This article systematically assesses the likelihood of effective implementation of several key options to reduce global biodiversity loss, including conventional biodiversity policies, such as expanding protected areas, and policies primarily developed for other purposes but with potential positive side effects for biodiversity, such as ambitious climate change mitigation efforts, forest protection, and sustainable fishing practices. While existing studies highlight the technical feasibility of implementing such policy options, their political feasibility is rarely considered in detail. Political feasibility refers to the constraints that either make agreement on policies difficult in the first place for limit or prohibit the effective implementation of agreed policies. Drawing on a broader research project that models the effectiveness of international environmental regimes based on the robust findings of regime theory, we utilize a novel assessment framework to study the political barriers and opportunities to the implementation of biodiversity policies at the global level. The analysis suggests that focusing on those options that are technically less ambitious is more likely to be implemented in the short term. In conclusion, the article highlights the importance of analyzing the institutional and governance-related aspects of policies to reduce biodiversity loss. © 2013 © Taylor & Francis.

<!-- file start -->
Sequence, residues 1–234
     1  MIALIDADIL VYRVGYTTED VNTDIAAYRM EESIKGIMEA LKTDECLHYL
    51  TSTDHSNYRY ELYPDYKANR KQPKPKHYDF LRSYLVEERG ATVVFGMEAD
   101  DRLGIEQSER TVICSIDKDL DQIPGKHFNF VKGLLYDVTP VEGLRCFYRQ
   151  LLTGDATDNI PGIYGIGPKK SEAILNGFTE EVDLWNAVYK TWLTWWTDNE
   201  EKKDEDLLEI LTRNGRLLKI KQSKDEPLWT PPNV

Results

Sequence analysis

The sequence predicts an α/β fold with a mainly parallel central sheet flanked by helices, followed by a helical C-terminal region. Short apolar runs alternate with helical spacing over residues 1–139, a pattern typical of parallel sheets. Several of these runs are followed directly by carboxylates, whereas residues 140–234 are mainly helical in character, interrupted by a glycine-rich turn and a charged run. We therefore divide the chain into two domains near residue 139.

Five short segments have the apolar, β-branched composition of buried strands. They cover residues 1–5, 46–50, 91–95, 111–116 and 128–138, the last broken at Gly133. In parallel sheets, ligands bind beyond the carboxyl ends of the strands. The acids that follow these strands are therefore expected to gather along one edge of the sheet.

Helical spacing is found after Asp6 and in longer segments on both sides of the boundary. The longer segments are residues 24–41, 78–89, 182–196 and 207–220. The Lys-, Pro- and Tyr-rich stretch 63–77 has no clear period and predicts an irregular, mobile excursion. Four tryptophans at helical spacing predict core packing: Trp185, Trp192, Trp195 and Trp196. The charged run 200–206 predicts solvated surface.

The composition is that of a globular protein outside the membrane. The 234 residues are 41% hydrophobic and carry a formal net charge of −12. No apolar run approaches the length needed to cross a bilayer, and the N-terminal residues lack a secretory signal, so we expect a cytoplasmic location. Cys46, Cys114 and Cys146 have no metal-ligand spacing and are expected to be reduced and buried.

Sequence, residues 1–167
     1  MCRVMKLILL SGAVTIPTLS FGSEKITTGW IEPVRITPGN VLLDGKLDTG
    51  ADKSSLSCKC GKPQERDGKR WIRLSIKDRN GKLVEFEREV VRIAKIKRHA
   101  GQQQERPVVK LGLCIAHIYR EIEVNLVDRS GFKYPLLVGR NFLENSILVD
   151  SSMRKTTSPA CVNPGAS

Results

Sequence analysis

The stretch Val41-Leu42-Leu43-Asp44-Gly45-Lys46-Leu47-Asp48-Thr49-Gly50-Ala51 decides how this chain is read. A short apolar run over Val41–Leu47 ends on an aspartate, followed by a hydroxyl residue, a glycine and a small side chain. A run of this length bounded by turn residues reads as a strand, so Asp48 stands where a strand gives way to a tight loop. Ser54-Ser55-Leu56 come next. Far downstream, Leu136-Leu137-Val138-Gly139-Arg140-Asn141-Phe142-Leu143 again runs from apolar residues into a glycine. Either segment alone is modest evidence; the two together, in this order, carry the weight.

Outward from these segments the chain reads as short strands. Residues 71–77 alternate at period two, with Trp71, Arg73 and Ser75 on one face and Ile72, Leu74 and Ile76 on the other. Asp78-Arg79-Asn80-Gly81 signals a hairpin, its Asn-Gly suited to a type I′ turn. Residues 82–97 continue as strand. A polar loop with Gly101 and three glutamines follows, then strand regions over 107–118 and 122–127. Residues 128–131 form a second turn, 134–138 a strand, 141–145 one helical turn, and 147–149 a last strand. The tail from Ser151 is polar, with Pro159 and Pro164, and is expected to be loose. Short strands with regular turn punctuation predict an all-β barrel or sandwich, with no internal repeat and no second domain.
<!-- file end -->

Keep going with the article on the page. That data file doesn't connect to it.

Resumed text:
|International Journal of Biodiversity Science, Ecosystems Services and Management
|Published - 2013